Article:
To Exchange or Not To Exchange – That is the Question
For those of you wondering whether to follow your child custody/visitation orders or the government’s latest shelter in place orders, you are not alone. To provide parents some clarity in the midst of confusion, the California Superior Courts have some recommendations for you to follow while the COVID-19 pandemic continues. Here is what you need to know:
- COVID-10 is NOT a reason, on its own, to deny the other parent parenting time. Absent other court orders to the contrary, parents are considered fit to care for their children and properly follow local government directives regarding social distancing and sanitation-related measures.
- Travel: The Governor has issued executive orders that restrict non-essential travel. Custody exchanges are considered essential travel and are therefore not prohibited. Unless otherwise directed by the Governor or other executive order, the parties should continue to follow their parenting plan as written while such orders are in effect. If you feel more comfortable traveling with a copy of your custody order, that is a fine idea.
- Exchanges: during the exchange of children, all parties should follow the latest Centers for Disease Control and Prevention guidelines for limiting the spread of the virus. If you typically exchange your children at a very crowded place, this may mean choosing an alternate location that has fewer people so that you can comply with the current social distancing requirements. Try to limit how much you touch during the exchanges and be sure to wash your hands thoroughly after each.
- Supervised Parenting Time: If parenting time is ordered to be supervised, and the supervisor is unavailable due to COVID-19-related issues or government orders, the parties should work collaboratively to ensure parenting time continues to occur in a manner that promotes their children’s safety and well-being, such as finding an alternative supervisor. If that is not possible, then the parenting time should be conducted virtually via videoconferencing or by telephone.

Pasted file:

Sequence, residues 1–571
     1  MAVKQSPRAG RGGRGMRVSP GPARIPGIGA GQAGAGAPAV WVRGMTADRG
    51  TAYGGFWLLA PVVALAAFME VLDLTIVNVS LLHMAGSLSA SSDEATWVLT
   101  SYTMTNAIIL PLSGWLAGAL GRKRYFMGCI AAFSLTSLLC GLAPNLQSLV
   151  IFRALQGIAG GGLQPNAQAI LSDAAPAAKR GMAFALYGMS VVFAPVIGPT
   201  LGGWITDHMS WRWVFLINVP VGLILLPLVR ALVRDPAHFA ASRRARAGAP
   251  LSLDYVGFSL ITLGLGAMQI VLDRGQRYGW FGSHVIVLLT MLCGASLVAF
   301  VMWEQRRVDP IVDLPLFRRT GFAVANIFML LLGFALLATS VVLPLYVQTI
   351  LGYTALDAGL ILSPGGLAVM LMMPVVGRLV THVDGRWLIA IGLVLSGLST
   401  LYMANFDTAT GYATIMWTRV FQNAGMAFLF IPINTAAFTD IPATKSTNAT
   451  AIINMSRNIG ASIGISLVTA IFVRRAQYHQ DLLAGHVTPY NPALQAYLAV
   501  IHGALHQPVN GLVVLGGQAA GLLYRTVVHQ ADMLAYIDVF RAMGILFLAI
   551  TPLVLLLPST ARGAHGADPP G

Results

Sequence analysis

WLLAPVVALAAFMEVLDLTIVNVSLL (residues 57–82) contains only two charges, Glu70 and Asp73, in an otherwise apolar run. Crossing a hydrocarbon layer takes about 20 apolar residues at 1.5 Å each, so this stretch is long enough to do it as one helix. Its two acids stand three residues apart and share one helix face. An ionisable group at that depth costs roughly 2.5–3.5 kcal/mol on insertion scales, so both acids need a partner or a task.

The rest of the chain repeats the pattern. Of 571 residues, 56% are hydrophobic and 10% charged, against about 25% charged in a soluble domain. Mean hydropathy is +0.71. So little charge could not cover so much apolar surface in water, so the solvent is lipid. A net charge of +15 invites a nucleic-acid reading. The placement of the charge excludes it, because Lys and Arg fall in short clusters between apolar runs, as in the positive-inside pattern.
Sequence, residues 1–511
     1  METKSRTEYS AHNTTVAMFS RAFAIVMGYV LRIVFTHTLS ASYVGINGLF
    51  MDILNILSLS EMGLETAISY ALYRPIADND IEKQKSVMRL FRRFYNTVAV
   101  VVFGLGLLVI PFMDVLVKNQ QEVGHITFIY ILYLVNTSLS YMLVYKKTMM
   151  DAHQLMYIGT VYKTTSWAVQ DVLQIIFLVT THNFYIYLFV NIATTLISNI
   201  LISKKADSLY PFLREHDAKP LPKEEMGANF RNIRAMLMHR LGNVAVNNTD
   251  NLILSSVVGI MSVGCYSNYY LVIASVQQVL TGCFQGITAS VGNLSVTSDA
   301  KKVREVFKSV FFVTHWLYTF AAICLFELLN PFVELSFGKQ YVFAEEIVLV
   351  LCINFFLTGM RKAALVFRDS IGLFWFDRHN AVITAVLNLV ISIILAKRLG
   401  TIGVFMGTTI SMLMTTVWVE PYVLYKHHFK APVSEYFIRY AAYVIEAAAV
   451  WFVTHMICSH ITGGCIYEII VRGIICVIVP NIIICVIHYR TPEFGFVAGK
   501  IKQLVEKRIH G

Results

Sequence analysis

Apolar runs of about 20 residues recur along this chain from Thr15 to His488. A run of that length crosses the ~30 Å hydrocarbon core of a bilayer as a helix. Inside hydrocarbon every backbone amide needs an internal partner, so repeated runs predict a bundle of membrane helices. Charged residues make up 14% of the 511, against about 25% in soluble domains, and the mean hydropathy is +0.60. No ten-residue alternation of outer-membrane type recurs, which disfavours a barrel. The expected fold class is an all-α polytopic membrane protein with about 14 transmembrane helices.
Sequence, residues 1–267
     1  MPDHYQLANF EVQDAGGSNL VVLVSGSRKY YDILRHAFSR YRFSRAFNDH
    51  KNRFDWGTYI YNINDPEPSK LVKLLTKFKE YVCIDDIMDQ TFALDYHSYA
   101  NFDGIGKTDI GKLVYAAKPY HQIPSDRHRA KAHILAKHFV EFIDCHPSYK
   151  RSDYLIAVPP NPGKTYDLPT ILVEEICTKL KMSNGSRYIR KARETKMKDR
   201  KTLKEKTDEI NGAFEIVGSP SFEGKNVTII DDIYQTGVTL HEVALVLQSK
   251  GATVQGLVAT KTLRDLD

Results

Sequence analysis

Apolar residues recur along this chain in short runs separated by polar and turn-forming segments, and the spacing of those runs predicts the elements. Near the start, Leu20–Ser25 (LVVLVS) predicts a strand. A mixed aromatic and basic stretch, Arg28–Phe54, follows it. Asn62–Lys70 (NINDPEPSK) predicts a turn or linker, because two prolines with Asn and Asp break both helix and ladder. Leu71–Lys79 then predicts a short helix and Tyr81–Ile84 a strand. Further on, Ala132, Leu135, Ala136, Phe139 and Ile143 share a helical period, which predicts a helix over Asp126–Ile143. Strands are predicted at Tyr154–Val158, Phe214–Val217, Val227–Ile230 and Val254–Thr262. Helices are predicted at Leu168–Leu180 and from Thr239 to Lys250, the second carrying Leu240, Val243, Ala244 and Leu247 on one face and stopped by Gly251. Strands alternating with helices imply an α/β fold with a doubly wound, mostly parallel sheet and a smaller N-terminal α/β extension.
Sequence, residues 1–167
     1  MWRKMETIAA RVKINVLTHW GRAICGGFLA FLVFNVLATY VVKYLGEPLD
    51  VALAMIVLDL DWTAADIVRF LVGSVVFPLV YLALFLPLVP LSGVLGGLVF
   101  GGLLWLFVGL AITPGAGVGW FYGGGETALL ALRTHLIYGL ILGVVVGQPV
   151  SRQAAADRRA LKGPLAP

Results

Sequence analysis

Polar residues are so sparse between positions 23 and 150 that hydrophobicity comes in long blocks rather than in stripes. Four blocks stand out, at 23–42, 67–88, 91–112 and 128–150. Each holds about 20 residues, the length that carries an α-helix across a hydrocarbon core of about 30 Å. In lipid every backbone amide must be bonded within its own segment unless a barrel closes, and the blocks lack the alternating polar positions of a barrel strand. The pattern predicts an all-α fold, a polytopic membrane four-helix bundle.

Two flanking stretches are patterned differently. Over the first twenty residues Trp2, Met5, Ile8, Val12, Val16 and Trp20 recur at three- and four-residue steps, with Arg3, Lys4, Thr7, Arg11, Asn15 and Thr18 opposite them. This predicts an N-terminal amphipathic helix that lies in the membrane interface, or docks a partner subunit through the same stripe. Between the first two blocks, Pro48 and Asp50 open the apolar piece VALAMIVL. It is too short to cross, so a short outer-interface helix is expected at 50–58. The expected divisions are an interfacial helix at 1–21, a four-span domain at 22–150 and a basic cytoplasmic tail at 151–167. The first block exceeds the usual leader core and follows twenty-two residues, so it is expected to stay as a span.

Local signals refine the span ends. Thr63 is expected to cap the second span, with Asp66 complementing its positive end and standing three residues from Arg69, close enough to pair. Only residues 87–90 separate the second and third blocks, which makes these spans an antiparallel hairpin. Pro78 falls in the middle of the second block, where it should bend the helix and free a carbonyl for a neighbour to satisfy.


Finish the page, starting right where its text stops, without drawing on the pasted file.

- Parenting Time in Public Places: If the parenting plan states that parenting time will occur in a public place, parenting time should continue at locations that are permitted under the latest health and safety guidelines for the state, such as a large park or nature hike. Try to avoid places where children can touch objects that have been touched by others, like play structures. If this is not possible, then parenting time should be conducted virtually via teleconferencing or by telephone.
- Makeup Parenting Time: If parents lose parenting time as a result of COVID-19-related issues or government orders, the parents are encouraged to work collaboratively to schedule makeup parenting time.
At this time, most California Superior Courts in the Bay Area are closed through April 30. As a result of these extended closures, all the hearings that were initially set to be heard between mid-March and April 30 will be reset to be heard upon the court’s re-opening, in addition to those already set. This means that any non-emergency requests filed with the courts will likely generate a court date 2-3 months out. Therefore, parties should aim to settle non-emergency custody disputes informally. If you need assistance reaching agreements with a non-compliant party, please do not hesitate to contact us.
The courts are aware that some parties may nevertheless need the Court’s speedier assistance in these times. If you are unable to see your child(ren) as a result of the other parent’s non-compliance with your custody orders, you may be able to seek an Emergency Order from the Court. If you think this may be your situation, please reach out to us, and we can discuss your options with you.